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Element concentrations in meals from krill and amphipods, -- Possible alternative protein sources in complete diets for farmed fish

Moren, M., Suontama, J., Hemre, G.I., Karlsen, O., Olsen, R.E., Mundheim, H., Julshamn, K.
Aquaculture 2006 v.261 no.1 pp. 174-181
fish farms, aspartate transaminase, heavy metals, lead, Euphausia superba, cod (fish), fish feeding, zooplankton, Salmo salar, marine fish, Gadus morhua, alanine transaminase, cadmium, salmon, blood plasma, blood lipids, blood proteins, copper, anadromous fish, arsenic, blood glucose, Amphipoda, feed composition, enzyme activity, fish meal, fish culture, chemical composition, animal growth, krill, animal source protein, zinc, mercury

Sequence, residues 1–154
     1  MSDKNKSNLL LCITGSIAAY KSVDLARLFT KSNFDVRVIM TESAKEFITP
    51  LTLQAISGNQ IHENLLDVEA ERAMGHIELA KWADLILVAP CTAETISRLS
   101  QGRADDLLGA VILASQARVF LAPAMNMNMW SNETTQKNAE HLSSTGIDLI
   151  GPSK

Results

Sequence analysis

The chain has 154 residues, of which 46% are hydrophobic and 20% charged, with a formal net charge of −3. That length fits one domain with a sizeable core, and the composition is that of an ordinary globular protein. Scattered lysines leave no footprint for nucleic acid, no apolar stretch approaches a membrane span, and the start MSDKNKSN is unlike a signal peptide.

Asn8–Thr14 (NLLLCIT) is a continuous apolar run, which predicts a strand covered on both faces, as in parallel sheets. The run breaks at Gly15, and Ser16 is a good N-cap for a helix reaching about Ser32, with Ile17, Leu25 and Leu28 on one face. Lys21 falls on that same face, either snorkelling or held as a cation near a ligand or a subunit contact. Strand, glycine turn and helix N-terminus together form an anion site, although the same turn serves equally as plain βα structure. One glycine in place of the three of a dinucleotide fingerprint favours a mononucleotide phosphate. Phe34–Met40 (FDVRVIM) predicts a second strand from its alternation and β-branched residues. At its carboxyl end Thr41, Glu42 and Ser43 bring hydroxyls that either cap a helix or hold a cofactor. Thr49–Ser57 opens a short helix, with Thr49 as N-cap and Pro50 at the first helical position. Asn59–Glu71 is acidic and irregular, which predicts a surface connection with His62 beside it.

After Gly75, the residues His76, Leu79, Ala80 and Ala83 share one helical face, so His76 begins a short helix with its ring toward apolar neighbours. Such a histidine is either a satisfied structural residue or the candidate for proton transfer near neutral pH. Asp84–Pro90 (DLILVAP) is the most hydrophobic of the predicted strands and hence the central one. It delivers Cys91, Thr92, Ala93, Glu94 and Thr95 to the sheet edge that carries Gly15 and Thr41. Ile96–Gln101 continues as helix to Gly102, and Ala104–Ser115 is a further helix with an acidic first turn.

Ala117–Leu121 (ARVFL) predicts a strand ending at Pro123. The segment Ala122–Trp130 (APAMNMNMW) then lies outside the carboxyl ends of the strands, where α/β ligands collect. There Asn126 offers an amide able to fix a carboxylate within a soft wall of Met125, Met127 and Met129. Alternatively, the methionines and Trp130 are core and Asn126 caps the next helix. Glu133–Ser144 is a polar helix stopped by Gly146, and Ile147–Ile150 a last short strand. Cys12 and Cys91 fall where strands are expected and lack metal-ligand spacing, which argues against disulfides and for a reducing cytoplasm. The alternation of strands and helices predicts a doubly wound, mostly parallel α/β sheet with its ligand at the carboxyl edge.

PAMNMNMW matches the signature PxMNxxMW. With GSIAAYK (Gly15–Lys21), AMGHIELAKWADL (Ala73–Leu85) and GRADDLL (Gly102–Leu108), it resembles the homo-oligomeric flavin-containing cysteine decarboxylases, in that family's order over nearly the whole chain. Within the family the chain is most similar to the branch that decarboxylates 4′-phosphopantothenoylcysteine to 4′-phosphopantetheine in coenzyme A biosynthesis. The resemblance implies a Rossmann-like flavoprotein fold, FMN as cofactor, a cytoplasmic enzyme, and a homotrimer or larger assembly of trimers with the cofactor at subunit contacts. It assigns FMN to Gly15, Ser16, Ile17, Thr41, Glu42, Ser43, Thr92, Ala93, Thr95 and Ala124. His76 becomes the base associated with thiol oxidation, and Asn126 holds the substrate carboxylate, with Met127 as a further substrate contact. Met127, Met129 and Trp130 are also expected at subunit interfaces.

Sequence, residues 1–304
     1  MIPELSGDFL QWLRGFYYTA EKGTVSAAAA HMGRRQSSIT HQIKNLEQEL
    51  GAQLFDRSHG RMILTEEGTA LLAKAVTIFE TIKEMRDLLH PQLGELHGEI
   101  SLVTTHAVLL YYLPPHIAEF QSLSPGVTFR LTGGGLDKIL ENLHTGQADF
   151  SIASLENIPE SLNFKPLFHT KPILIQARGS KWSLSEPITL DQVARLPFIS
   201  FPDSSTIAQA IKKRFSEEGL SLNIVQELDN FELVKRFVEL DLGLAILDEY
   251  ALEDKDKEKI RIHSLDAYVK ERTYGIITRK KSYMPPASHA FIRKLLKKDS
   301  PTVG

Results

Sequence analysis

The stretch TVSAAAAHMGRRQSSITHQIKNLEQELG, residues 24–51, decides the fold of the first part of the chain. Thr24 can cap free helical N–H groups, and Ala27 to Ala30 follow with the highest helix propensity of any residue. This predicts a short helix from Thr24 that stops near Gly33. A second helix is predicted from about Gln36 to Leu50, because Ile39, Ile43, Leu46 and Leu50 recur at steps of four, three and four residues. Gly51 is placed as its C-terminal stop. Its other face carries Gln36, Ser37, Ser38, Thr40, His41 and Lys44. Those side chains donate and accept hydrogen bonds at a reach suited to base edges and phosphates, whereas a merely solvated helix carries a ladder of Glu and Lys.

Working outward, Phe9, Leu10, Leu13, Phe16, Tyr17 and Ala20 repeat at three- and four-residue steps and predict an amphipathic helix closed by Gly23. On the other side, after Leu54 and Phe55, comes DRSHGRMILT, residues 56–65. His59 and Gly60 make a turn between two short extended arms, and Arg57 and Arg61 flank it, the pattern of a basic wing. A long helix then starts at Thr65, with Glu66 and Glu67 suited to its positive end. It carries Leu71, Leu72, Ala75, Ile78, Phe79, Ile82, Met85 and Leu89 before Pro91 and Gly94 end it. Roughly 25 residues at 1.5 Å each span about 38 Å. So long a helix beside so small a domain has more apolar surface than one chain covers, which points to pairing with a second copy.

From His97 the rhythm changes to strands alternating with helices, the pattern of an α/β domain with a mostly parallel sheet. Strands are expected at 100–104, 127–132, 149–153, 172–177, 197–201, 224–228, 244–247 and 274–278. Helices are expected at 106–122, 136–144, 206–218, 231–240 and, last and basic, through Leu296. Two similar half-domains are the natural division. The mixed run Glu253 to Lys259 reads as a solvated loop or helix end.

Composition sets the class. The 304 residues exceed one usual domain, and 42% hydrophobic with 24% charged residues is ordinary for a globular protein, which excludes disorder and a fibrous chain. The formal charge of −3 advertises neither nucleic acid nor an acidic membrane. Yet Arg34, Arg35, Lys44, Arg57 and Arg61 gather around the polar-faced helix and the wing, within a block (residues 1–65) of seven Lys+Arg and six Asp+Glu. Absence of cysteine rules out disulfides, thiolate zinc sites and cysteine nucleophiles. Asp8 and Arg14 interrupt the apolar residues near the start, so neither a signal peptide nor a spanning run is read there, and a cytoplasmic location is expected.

In the marine environment, organisms from lower trophic levels seem as a good alternative to the traditional meal and oil sources. In the present study, meals were produced from Antarctic krill (Euphausia superba), Arctic krill (Thysanoessa inermis) and the Arctic amphipod Themisto libellula. Diets were then prepared for Atlantic salmon and Atlantic cod where up to 100% of the fish meal protein was replaced by protein from these organisms. Concentrations of copper (Cu), zinc (Zn), arsenic (As), cadmium (Cd), mercury (Hg) and lead (Pb) were determined by ICP-MS in the various krill and amphipod meals, complete diets and muscle samples from fish fed these diets. The element concentrations were related to growth and general fish health as well as present EU legislations on feed ingredients and complete diets. The cod showed no difference in growth during the trial, while salmon fed diets where 40% of the fish meal protein was replaced with Arctic krill or amphipod meal shoved improved SGR during the first period of feeding (first 100 days). No adverse effects on growth rate or fish health were observed in any fish species or treatment. Nevertheless, high levels of Cu were found in the meal from Antarctic krill (46 mg kg-1 dry matter (dm)) resulting in a dietary level of Cu exceeding the upper limit for complete feedingstuff set by EU. Furthermore, the Cd level found in the meal from amphipod (12 mg kg-1 dm) was 6 times higher than EU's upper limit. This indicates limitations for the use of certain zooplanktons as alternative protein sources in feed for farmed fish, unless future processing methods yield lower levels of these unwanted elements.